NASA and the Mysterious Portals of Earth’s Magnetic Field [Video]
When you hear of portals in space, your mind immediately harks back to all those science fiction films and television series where members of an expeditionary team harness their enormous power to master space travel; Star Trek and Stargate spring as prime examples, off the top of my head. It comes as a shock to establish, according to NASA, that these ideas were not so far-fetched. Mysterious portals exist within the earth’s magnetic field and NASA plans a mission to investigate them.
The areas of interest occur at critical points between the magnetic field of the Sun and the magnetic field of our earth, instigating a continuous “path” between the atmosphere of both bodies. Jack Scudder, a plasma physicist working at the University of Iowa, explains in more detail:
“We call them X-points or electron diffusion regions… They’re places where the magnetic field of earth connects to the magnetic field of the sun, creating an uninterrupted path leading from our own planet to the sun’s atmosphere 93 million miles away.”
NASA collected irregular observations from its THEMIS spacecraft and Europe’s Cluster probes. Time History of Events and Macroscale Interactions during Substorms (THEMIS) was originally used to discover the influence of substorms on the development of beautiful auroral displays, witnessed over North America.
Using data from these probe sets, NASA was able to detect the existence of these mysterious magnetic portals at the point at which the Earth’s geomagnetic field interfaces with the highly energetic particles within the solar winds, emanating from the sun. Most of these portals are found to be transient in nature, opening for only brief moments at any given time; on the other hand, other portals can endure for much longer, permitting an influx of energetic particles through its aperture.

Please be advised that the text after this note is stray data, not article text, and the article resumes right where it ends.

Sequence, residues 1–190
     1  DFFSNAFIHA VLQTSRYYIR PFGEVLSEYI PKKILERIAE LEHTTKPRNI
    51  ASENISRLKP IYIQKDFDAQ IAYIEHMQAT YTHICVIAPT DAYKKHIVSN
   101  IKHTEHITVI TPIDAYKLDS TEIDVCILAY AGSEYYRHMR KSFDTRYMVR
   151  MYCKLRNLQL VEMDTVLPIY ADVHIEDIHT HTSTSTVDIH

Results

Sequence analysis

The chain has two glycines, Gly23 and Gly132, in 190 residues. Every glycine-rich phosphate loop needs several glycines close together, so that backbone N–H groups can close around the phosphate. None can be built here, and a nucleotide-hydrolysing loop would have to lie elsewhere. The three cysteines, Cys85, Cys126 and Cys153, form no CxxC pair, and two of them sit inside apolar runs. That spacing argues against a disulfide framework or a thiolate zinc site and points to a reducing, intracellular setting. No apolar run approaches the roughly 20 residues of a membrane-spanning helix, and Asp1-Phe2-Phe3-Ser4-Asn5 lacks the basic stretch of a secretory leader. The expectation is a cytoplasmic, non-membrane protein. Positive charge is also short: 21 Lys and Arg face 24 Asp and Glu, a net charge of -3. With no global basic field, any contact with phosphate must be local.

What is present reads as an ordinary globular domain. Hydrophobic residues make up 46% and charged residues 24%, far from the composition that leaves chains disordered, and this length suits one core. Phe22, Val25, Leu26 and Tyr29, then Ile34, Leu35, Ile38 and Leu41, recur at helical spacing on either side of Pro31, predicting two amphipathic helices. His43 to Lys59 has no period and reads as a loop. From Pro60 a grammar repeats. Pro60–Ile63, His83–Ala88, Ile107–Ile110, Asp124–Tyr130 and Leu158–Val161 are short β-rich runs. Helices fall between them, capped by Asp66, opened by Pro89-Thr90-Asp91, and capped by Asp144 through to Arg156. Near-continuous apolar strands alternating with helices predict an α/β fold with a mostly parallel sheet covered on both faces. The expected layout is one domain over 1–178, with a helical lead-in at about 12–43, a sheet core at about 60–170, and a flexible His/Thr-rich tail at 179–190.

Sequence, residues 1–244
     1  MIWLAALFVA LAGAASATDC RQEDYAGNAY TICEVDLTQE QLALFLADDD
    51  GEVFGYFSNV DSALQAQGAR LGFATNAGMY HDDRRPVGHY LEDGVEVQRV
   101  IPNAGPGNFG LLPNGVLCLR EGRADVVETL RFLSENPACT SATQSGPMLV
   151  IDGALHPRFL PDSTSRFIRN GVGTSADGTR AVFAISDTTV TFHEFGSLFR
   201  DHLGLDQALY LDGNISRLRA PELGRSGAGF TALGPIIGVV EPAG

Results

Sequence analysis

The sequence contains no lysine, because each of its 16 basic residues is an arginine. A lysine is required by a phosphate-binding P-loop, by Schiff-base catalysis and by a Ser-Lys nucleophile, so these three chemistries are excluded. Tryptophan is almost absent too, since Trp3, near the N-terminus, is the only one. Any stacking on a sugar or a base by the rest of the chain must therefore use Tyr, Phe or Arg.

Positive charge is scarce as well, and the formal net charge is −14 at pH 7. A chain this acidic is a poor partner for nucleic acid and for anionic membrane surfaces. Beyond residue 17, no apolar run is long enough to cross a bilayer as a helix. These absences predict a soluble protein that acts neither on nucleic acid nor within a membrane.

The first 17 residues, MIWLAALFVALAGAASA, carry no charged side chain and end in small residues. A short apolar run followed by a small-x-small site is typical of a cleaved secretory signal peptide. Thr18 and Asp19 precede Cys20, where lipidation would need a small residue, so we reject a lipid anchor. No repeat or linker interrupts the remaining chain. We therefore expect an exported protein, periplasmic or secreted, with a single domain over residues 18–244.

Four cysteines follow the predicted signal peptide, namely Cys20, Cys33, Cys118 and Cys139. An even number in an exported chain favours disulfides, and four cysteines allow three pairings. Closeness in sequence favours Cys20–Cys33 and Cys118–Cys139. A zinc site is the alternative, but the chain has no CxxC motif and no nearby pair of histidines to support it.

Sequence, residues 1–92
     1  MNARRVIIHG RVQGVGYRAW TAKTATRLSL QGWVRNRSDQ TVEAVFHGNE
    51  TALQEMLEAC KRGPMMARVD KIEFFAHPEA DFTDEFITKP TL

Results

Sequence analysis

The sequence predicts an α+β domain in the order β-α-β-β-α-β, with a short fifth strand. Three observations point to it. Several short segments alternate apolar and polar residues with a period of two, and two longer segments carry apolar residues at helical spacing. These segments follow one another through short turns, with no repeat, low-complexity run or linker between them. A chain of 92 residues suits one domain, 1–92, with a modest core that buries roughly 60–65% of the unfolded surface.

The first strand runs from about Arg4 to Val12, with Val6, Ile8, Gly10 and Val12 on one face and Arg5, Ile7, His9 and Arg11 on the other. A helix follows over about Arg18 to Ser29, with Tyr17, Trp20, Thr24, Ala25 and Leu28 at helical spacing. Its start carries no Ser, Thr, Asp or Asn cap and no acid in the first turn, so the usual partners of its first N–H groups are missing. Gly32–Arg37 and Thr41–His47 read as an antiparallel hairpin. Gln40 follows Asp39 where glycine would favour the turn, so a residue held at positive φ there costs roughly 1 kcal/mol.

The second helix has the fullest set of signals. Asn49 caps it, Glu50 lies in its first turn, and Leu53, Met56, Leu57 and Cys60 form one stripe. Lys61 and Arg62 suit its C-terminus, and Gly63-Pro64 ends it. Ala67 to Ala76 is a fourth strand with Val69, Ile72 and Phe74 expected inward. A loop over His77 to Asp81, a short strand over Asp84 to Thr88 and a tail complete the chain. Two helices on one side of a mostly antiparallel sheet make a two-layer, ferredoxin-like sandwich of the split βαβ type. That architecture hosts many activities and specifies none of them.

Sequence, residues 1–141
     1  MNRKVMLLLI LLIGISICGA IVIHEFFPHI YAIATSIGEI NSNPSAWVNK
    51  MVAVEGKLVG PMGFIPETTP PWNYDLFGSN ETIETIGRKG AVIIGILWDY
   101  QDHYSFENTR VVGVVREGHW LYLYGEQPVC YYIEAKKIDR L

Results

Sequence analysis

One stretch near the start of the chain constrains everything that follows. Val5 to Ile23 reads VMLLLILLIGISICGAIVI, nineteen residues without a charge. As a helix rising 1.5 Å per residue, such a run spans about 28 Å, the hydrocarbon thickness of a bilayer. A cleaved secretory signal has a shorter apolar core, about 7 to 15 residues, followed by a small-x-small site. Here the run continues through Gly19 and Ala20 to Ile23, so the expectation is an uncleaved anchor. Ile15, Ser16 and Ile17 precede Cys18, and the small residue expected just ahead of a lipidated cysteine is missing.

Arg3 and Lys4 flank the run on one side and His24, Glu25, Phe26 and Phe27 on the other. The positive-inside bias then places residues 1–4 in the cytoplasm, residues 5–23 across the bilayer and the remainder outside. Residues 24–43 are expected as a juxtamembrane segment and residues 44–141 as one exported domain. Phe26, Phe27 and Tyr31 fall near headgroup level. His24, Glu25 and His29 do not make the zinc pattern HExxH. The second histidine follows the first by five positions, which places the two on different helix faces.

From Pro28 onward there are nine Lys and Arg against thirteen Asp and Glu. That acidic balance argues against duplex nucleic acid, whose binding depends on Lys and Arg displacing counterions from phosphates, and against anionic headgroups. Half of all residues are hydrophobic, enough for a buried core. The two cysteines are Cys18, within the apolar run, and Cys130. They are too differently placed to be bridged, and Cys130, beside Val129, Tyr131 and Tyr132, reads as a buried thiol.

When the sun’s solar winds enter these fleeting portals, the result is the heating of the earth’s upper atmosphere, creating what are known as geomagnetic storms. These geomagnetic storms are believed to take place when the solar winds exert a compressive force on the magnetosphere and an interaction between two magnetic fields; that of the earth, and that of the solar winds. This increases the transmission of heated gases through the magnetosphere, which then increases the electric current in this region.
According to NASA’s research, storms are usually triggered when stretched magnetic field lines “snap back,” sending energetic particles hurling back to earth. This can then cause disruption to devices that operate using electricity, including televisions, computers and cell phones. Such interactions may also result in an aurora, due to atoms in the atmosphere becoming energized.
In an attempt to verify how these portals operate, NASA is planning the Magnetospheric Multiscale Mission (MMS) in 2014. The operation will see four spacecraft distributed along the earth’s magnetosphere to study these phenomenon using a series of magnetic and particle detection sensors.
The next part of the problem is in knowing where to look for these invisible, temporary portals. Scudder has managed to identify some signs, which are indicative of portal opening. As mentioned before, X-points could hold the key. Scudder investigated data from NASA’s Polar craft, which spent ten years around the magnetosphere and encountered X-points regularly. This information has provided astronomers with patterns of readings, pointing towards the location of an X-point and, therefore, a likely portal opening event.
Telescopes.com interviewed a quantum physicist, called Nick Herbert, who explained how to stabilize these portals to use for space travel. Herbert suggests using the negative energy of “Casimir force”:
“… you thread these wormholes with this negative energy, and it props them open… then you can use these things as time tunnels.”
Work on the Magnetospheric Multiscale Mission has been ongoing since the portal discoveries back in 2012. The team have recently completed a thorough performance tests on some of the four observatory components, at NASA’s Goddard Space Flight Center.
So, who knows, in 2014 NASA might finally gleam some understanding of these mysterious portals, which are found to pop up throughout the earth’s magnetic field. Could mankind eventually exploit these events as “wormholes” to travel to distant locations? What are your thoughts?
By: James Fenner